Communicating With Kids From A Wheelchair

Written by
Brittany Déjean
Content via AbleThrive Original
Source: 
AbleThrive Original
Written by
Brittany Déjean

Kaini Zhang, a quadriplegic in Singapore, was married with two children when she broke her neck in a car accident. “My first concern was my children,” she shared. Her oldest daughter was 3 years old and her younger daughter had only been born 5 months before. “I thought there was no way for me to take care of the children.” She stayed in the hospital for six months, but her daughters weren’t able to visit until she was transitioning home. “They were not really used to having me around,” she shared. “Especially for my younger daughter, she treated me like a stranger.”

Building a relationship from the ground up

 

Quadriplegic mom is between her two young daughters and her husband is standing behind them

Kaini was motivated to build a closer relationship with her girls. She found ways to be involved. “I tried to invent some games to play with them,” she shared. “I cannot hold their hands or teach them how to do things or play in the garden, so I felt I needed to do something to have some interaction with them to make them feel like they have a mother around.”

It wasn’t always easy. “I was worried they were ashamed of my condition or that they wouldn’t want their friends to know their mom was paralyzed.” Kaini was proactive to avoid any issues by communicating with her daughters. “I constantly talked to them, even since they were little. I tell them even though I’m paralyzed, I still love them with all my heart and I will do anything to make sure they will grow up healthily. I make them feel that they have nothing to be ashamed of having a paralyzed parent. The physical condition is not a problem, it’s the heart that matters.”

“No matter what happened to me, I’m going to bring up my children like any normal parent. I’m going to educate them, going to teach them well, take care of them, be their mentor, be their role model, not only teach them to study or work, but also teach them to have a stronger heart, so that in the future if they have some difficulty in their life, they can accept any challenge.”

Having a positive influence on other parents

Quadriplegic mom in a manual wheelchair with her two daughters standing at her side

She’s gotten positive reinforcement that her parenting strategy is working. “They say they are very mature and confident,” she says about her daughters with pride. The two girls do very well in school, so well in fact, other mothers often ask how she does it. “They sometimes will treat me as a counselor or mentor when they have trouble with their children.” Kaini helps them understand communicating with kids and being a supportive parent. This is beneficial because “other parents notice that even though I’m in a wheelchair, my children can perform well.”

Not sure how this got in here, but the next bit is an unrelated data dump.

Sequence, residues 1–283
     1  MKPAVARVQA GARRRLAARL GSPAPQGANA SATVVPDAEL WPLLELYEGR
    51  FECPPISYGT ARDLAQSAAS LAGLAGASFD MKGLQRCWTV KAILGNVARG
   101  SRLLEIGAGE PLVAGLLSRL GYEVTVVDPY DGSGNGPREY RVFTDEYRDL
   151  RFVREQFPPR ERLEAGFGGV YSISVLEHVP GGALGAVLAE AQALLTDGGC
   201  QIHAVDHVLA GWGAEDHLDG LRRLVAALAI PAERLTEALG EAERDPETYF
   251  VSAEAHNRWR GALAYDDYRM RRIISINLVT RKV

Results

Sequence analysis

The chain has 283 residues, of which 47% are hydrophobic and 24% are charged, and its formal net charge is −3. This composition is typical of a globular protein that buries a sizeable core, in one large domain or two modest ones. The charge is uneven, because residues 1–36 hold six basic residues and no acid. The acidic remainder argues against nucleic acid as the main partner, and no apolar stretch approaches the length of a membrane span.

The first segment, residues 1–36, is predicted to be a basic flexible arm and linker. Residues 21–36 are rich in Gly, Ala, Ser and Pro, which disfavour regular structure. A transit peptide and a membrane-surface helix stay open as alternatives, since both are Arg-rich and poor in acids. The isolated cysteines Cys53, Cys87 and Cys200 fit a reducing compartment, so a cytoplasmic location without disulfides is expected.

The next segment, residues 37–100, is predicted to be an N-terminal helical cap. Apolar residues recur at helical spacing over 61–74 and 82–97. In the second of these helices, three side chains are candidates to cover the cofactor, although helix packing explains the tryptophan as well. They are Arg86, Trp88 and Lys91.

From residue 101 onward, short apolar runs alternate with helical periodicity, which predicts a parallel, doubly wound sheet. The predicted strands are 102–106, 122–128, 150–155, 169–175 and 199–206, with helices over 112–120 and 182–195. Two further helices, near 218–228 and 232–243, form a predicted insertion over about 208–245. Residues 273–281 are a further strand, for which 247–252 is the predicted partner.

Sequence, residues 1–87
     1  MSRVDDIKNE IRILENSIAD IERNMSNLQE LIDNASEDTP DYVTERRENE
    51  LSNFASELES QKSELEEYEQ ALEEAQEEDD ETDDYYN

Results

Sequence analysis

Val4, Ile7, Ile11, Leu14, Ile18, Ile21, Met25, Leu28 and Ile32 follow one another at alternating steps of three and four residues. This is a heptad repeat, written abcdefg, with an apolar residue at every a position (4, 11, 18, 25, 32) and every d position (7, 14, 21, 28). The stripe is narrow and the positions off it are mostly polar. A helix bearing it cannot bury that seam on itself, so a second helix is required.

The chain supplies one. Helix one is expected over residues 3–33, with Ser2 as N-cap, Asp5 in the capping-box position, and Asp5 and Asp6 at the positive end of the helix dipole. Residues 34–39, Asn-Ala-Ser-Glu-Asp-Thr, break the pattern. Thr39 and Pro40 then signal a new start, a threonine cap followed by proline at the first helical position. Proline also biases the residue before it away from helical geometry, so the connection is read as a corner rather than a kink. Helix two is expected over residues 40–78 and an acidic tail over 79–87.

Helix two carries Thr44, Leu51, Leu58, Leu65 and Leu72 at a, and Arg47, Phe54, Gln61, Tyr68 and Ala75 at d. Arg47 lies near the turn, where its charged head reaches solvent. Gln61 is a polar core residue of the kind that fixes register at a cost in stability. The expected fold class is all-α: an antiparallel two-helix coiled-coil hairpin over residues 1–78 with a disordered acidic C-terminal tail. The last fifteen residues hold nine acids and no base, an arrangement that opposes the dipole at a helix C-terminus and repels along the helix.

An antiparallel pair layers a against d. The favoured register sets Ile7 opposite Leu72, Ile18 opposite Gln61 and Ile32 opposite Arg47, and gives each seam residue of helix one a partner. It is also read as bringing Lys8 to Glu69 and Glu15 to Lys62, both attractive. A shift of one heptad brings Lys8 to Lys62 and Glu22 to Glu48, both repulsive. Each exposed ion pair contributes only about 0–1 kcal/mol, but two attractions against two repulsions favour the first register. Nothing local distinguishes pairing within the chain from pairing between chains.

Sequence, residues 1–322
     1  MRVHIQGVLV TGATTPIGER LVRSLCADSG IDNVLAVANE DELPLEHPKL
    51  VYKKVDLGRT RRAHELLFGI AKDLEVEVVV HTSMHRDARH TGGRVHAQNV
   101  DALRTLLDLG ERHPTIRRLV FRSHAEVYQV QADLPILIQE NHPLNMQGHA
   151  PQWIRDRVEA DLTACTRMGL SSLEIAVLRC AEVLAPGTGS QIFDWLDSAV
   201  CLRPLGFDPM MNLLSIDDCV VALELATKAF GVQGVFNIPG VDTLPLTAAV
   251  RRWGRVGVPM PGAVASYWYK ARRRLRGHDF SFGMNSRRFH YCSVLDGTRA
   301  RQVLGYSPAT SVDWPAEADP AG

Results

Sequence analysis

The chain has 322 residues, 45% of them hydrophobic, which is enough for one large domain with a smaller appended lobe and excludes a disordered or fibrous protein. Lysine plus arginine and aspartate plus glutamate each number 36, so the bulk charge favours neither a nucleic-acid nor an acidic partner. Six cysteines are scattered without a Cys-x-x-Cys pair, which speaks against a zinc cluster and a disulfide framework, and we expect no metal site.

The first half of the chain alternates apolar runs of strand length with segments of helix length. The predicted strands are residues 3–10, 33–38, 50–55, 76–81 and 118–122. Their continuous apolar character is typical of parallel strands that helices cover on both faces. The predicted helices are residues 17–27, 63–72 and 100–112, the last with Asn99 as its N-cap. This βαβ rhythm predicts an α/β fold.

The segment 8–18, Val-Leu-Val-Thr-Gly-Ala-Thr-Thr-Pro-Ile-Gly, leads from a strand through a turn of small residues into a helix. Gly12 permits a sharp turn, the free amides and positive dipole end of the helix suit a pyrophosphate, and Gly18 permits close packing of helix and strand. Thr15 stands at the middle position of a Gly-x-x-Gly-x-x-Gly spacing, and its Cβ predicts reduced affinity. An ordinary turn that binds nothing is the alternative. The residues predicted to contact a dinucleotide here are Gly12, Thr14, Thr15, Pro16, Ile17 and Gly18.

However, she still faces challenges that limit what she can do. “Sometimes my children got some extra class, they don’t have someone to fetch them, I also cannot go fetch them. My injury level is quite high, so I need to use a special wheelchair. It’s not able to be put into taxi or any normal car, so I need special transport to go to places.” These limitations can be frustrating, but do not impact Kaini’s ability to be an active mother.

“You must be confident. You must believe in yourself. If you look down on yourself, your children will look down on you.”

Her girls are growing up fast, and she’s just as involved and still relies on healthy communication in their home. “For me, my favorite activity is now my afternoon tea. I call it ‘Girls Talk’, where every week or few days we’ll have a talking session, just the three of us. We share what’s going on and talk. They always share their lives with me.”

 “Whether it’s people with disabilities or people who are able, you are your children’s role model and children are watching you. Don’t forget that. How you want your children to be, you have to do it first and show them.”

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ParentingParents with Disabilities